Thursday, October 11, 2007

When it rains....

I wrote a paper last week for my theology class on suffering. The question given: why does God allow suffering?

The events of Hurricane Katrina were focal point for me. How can I tell someone devastated from that event that God had their best in mind? Would that even register with them. And also how could a non Christian be comfortable with a Christian view of suffering?

There are many systems set up to answer this question in a myriad of ways. It was my goal to create an answer. Easy right? ha.

I guess you could say I followed the "greater good" system for answering this question. A common approach for why suffering exists is that God is either not almighty and powerful or God is not loving. I did my best to refute those opinions. A quote from CS Lewis really summed up why we can't just put God in our human box.
The problem of reconciling human suffering with the existence of a God who loves, is only insoluble so long as we attach a trivial meaning to the word ‘love,’ and look on things as if man were the centre of them. Man is not the centre. God does not exist for the sake of man. Man does not even exist for his own sake...To ask that God's love should be content with us as we are is to ask that God should cease to be God."

I came to the conclusion that God is both almighty and loving, so suffering must have a purpose in our world. From the story of Job I think that suffering is partly what we make of it. We can choose to let it knock us down or we can use it to make us stronger. Of course that is easier said than done. I also think we see in Romans 5:3-5 and Hebrews 5:8 that suffering is used by God to help become more Christlike and to experience some of the agony Jesus went through. Does any of this resonate with a non Christian? Not yet but Romans 5:3-5 talks about hope, hope that doesn't disappoint. The Bible also talks about how they will know us by our love. I think these two verses work together with something that a non believer can come to grips with. Suffering can in some weird way produce hope and that hope is shown in our love for God and people. I certainly haven't figured this one out because there is no perfect way to answer this. I ended with this quote from CS Lewis:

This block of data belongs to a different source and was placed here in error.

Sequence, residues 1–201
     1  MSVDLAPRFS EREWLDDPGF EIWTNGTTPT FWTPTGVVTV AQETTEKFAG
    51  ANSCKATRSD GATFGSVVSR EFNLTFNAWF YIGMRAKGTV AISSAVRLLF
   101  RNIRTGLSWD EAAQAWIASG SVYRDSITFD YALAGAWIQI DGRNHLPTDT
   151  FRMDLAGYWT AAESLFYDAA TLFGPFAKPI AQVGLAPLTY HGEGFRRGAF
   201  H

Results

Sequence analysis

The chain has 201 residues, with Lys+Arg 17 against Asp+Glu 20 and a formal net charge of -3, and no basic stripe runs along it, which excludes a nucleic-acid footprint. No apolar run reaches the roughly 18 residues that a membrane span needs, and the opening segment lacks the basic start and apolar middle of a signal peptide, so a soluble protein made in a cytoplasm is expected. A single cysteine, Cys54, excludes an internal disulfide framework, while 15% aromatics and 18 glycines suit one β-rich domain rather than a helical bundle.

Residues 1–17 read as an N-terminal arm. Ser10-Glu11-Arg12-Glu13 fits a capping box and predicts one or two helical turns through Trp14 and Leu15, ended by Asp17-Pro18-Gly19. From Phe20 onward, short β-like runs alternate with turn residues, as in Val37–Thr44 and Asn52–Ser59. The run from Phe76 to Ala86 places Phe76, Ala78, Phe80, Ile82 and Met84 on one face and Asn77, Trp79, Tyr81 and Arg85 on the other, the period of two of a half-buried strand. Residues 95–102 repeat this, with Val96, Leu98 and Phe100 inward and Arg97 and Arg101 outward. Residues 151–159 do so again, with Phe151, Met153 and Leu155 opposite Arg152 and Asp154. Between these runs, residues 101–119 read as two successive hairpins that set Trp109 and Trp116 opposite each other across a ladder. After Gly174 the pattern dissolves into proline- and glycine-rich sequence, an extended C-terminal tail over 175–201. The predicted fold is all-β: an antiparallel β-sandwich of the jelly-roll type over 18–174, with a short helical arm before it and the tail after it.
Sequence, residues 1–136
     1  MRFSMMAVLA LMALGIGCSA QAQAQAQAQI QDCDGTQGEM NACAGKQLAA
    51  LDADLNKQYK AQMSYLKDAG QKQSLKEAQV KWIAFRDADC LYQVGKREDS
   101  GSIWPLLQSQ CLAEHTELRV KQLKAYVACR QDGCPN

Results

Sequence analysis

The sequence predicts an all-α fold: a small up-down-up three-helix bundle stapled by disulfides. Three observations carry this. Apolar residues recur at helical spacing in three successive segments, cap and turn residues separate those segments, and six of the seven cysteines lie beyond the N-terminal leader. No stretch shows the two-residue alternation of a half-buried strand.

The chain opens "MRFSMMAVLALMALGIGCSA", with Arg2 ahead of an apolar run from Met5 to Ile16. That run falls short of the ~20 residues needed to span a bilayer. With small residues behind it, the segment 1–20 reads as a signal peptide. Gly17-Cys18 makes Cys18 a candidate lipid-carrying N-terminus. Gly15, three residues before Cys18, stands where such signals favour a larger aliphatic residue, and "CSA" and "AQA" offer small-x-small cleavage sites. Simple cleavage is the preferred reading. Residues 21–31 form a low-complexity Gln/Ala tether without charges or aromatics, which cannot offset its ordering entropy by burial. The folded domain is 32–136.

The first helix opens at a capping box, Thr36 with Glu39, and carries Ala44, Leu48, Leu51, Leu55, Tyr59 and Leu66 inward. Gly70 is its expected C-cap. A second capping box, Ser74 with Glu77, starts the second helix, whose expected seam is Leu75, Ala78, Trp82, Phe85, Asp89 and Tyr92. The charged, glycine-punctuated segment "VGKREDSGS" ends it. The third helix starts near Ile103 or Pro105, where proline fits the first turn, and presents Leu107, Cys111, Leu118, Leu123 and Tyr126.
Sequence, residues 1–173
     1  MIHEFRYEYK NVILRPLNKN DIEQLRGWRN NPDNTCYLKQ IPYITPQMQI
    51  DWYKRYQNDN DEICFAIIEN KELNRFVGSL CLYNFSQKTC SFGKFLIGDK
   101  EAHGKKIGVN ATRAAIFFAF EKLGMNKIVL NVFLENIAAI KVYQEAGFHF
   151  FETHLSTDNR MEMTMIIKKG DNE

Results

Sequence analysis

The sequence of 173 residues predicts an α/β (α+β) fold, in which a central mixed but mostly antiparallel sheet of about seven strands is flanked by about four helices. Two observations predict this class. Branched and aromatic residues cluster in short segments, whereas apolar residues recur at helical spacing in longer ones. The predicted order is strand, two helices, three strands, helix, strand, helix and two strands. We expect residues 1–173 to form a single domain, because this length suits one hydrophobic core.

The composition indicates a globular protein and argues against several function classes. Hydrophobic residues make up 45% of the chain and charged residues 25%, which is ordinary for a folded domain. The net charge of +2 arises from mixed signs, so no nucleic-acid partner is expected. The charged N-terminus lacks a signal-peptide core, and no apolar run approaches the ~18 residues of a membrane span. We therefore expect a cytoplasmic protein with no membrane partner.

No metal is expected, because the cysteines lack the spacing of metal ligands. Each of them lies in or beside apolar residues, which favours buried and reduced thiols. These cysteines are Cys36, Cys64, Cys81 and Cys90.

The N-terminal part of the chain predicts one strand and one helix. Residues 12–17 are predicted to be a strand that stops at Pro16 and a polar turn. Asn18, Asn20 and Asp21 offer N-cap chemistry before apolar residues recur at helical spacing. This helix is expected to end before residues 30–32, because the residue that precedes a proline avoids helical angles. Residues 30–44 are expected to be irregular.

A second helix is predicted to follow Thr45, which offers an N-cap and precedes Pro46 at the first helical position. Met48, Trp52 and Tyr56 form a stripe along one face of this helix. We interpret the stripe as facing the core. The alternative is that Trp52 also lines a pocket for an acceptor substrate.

"God whispers to us in our pleasures, speaks in our conscience, but shouts in our pains: it is His megaphone to rouse a deaf world."

1 comment:

deut-x said...

I don't know if you are still interested in seeing views on the topic of suffering ... I couldn't find the original message I heard from John Piper (a personal favorite theologian) on suffering, but I found part of his outline here.